Economics provides us with frameworks for examining a wide variety of real life problems and issues, and tools to measure and assess what will happen under different circumstances.


You will hear a lot about productivity these days because it is the main driver of economic prosperity. The government has even established a productivity taskforce headed by Dr. Don Brash to see how we can catch up with Australia. So what is the fuss about, and why is productivity so important?

What is productivity?

Productivity is a fairly easy concept to understand: if we work smarter then we can get the same result for less effort. It could be the difference between doing a long calculation by hand as opposed to using a computer. The economy is the same: investing in better capital, better technology, or training and education, can all lead to increases in GDP.

But robots don’t buy anything so, even if the factory is working better with robots, the economy may not be getting richer. What we are really interested in is making people work smarter and getting more production for each hour of work. That is why productivity is usually calculated as GDP per hour worked. That measures the added value that is created by an hour of someone’s labour.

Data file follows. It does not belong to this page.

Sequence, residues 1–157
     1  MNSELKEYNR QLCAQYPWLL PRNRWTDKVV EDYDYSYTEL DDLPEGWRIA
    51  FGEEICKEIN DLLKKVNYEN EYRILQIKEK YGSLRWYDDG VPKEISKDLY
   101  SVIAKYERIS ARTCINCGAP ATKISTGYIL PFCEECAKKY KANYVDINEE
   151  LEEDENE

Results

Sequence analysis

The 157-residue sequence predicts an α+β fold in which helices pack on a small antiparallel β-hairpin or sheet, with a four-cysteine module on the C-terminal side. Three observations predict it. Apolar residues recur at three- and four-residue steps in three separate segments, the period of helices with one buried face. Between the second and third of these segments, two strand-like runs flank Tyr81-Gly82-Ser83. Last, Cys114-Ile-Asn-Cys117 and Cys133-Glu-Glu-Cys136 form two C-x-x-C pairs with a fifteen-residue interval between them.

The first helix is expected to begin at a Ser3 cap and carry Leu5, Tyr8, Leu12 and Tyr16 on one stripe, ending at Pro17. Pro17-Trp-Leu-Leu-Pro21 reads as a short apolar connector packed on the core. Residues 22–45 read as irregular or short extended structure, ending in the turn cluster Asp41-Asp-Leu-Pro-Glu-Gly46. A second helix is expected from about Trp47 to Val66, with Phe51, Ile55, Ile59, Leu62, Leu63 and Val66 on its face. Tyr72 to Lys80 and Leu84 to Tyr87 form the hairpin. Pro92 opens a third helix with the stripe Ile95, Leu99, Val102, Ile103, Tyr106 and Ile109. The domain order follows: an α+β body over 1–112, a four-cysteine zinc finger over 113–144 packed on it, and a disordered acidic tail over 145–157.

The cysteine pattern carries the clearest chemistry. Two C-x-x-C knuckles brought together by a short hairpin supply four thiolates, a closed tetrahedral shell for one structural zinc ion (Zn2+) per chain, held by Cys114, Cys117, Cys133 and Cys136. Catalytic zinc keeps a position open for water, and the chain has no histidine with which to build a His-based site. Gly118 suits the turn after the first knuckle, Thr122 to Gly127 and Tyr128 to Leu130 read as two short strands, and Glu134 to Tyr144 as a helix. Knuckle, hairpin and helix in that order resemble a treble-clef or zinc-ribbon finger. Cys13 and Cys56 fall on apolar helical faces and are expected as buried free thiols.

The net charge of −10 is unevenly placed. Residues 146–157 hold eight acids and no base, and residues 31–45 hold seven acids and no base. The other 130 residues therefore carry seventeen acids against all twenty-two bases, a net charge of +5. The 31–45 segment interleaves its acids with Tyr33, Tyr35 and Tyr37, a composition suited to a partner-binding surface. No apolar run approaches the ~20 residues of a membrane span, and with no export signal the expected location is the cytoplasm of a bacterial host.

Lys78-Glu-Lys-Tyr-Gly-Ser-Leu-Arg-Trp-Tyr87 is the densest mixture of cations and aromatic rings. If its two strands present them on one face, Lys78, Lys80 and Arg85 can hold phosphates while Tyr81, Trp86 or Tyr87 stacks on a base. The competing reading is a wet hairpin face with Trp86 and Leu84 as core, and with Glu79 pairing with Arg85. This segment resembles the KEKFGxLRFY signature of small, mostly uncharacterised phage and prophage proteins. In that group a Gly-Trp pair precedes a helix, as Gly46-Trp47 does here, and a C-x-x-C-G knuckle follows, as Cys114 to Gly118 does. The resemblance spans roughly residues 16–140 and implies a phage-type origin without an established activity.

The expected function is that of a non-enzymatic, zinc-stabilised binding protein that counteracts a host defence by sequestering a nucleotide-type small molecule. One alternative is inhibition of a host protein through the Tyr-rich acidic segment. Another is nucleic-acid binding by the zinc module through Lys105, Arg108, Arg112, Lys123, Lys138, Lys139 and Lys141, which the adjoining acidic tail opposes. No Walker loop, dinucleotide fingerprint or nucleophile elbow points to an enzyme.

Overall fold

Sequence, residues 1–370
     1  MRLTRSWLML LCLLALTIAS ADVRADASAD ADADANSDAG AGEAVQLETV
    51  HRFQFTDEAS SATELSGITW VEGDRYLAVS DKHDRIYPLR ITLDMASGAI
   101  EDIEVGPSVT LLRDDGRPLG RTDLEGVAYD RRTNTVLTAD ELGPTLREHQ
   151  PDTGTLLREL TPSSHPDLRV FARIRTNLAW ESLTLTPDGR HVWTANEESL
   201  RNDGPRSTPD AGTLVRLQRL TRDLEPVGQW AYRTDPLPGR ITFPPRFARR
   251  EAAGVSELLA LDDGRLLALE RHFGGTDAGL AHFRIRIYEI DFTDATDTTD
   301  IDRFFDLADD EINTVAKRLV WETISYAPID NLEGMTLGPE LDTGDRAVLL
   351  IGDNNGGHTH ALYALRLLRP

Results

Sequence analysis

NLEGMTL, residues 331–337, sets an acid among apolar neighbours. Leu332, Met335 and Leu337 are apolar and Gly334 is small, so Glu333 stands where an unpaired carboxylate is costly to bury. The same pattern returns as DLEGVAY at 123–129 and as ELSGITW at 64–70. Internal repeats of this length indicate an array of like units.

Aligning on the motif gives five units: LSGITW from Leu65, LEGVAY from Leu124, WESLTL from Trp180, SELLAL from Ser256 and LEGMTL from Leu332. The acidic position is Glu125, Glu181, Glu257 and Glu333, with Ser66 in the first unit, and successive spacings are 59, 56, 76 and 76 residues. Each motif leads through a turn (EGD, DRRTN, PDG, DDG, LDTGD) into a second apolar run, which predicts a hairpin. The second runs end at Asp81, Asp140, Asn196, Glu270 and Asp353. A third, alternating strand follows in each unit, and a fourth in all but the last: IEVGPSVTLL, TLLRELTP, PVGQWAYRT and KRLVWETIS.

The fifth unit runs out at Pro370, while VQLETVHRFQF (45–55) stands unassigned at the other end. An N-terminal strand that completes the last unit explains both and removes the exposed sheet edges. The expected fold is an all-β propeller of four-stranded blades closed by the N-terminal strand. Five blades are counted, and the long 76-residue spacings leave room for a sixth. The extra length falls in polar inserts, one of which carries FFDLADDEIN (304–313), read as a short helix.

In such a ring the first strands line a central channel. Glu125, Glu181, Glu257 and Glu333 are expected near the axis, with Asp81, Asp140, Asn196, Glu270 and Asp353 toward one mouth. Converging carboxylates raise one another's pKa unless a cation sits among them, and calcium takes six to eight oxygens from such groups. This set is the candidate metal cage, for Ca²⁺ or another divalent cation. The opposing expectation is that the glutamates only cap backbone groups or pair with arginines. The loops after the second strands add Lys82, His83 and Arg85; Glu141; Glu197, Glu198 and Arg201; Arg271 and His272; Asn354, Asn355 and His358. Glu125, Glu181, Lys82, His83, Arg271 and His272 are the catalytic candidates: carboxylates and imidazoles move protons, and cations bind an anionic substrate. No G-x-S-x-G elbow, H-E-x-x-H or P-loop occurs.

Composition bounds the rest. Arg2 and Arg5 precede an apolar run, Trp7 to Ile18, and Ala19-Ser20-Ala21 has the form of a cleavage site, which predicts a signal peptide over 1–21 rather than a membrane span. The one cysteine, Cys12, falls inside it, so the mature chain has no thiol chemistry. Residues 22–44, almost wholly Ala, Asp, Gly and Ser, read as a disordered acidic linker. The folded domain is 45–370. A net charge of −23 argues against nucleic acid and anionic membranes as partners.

Why all the fuss?

Increasing productivity is a big challenge for the New Zealand economy. On the chart you can see real GDP per hour worked for NZ compared to our major trading partners.

What is very clear from the data is that New Zealand’s economic performance has not been as good as our peers’ since the 1980’s. The reason for that is not  a lack of hard work, its just that we don’t produce enough for each hour of work. That explains why our real GDP per capita, and thus our income, has fallen behind that of Australia and the OECD.

NZIER concluded that New Zealand's low productivity is because we don’t use as much capital as many other countries. That could be because the cost of capital in NZ is high relative to labour, causing us to use more labour than capital for each unit of output. It may also be that we have more services in NZ that are not conducive to capital intensification.

Further Information

To find out more about productivity have a look at: